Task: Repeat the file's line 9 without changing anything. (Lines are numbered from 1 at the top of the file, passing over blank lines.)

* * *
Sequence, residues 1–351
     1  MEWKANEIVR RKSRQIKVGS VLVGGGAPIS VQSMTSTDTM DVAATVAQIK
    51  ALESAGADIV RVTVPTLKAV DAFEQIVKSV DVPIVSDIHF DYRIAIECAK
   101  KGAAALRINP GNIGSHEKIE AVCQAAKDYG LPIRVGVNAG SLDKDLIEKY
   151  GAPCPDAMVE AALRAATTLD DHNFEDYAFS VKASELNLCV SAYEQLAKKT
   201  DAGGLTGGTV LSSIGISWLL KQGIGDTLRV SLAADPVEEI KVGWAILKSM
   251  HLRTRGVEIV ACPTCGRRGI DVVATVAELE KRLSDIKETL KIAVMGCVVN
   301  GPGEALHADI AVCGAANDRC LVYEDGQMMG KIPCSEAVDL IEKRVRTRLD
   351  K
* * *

   351  K